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I noticed something peculiar about the "with" keyword in javascript and the parent and child window relationship, specifically window.opener. I haven't tested this from the parent window, just the child, but it is worth noting in the example below--

Parent window (Parent.html):

// global scope
function ParentFunc() { alert("I am a parent function"); }

Child window (Child.html):

// global scope
var baseWin = window.opener;

// "this" keyword corresponds to Child.html when function below is called
function Child_Onclick_Func()
{
  alert("Hi, from Child");
  with (baseWin)
  {
    ParentFunc();
    alert("Hi, from Parent");
  }
  alert("Hi, back to Child");
}

The "with" keyword, in this case, switches to the parent window and the second alert fires an implicit onfocus to the parent window, as well. I didn't realize "with" would switch to the parent window, but it makes sense now.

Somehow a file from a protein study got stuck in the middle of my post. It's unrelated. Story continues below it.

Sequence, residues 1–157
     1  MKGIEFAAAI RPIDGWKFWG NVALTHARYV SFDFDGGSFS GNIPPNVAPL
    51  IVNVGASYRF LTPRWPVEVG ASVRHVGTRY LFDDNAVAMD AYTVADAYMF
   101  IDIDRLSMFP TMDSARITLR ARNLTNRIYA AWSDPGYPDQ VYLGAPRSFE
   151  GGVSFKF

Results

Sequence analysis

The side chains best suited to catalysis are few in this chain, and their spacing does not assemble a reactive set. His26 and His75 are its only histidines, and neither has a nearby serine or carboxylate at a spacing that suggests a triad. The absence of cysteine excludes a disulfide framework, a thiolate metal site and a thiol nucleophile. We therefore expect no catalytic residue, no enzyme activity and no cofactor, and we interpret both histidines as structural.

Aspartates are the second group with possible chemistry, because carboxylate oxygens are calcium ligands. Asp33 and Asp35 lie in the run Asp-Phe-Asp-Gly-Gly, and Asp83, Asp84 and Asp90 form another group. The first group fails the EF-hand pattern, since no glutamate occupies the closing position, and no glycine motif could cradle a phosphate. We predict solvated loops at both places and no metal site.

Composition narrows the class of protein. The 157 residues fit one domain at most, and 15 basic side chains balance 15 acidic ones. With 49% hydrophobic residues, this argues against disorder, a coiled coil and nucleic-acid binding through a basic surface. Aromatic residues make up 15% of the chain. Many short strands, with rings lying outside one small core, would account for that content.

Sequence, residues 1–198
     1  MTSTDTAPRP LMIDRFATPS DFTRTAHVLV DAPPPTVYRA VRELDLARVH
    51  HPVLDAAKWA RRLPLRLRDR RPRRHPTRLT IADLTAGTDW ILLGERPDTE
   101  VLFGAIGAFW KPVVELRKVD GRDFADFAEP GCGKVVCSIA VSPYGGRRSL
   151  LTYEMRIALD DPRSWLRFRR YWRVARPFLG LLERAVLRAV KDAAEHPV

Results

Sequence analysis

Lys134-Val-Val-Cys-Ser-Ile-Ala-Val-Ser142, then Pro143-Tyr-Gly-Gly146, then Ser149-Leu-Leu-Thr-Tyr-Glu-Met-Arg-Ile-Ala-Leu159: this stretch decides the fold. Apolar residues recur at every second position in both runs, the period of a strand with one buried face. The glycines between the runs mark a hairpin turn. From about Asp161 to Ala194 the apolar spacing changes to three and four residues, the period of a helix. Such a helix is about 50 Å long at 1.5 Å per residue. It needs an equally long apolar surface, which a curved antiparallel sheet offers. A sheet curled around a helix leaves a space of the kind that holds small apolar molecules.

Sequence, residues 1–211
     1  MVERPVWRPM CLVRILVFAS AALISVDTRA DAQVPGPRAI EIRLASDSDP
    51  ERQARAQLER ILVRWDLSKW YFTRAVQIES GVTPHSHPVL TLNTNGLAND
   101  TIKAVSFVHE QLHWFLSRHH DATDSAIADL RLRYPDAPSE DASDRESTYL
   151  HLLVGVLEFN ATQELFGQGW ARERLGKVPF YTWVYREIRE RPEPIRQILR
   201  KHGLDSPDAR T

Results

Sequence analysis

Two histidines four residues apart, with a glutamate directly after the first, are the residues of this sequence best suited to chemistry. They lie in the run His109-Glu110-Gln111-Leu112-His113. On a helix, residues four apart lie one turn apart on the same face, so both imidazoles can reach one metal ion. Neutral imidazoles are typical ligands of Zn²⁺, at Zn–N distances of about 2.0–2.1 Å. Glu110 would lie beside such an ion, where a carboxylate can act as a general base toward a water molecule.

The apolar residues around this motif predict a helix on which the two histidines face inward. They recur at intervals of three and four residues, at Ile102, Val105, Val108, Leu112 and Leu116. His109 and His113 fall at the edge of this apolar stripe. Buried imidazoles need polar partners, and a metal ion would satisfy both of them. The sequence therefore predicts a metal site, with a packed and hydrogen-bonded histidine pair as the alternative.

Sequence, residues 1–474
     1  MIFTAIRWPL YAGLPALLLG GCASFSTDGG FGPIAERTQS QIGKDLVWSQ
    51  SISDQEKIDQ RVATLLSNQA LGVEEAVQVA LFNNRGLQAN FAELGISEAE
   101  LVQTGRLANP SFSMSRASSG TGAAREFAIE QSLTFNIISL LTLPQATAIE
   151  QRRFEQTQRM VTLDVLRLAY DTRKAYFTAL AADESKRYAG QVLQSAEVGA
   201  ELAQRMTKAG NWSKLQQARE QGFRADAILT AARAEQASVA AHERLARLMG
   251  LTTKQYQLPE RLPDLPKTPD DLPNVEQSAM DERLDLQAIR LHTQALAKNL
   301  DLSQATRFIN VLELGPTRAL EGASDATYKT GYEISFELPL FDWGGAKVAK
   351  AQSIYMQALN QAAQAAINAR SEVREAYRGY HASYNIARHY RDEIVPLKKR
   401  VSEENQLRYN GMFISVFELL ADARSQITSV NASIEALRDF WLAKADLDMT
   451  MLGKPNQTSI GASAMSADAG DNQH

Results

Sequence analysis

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3  
Try to avoid using the with keyword... ever. It's making an exit out of the JavaScript language. So anything you program will break in modern browsers. –  John Strickler Jun 16 '11 at 15:26
    
Right, thank you. This was just an academic exercise. I think it was created for those who avoid oop and prefer procedural. –  user717236 Jun 16 '11 at 15:31

1 Answer 1

up vote 1 down vote accepted

This happens because window is the global namespace when running javascript in a web browser. When you write:

alert('Hello, World!');

You are actually calling the window.alert method.

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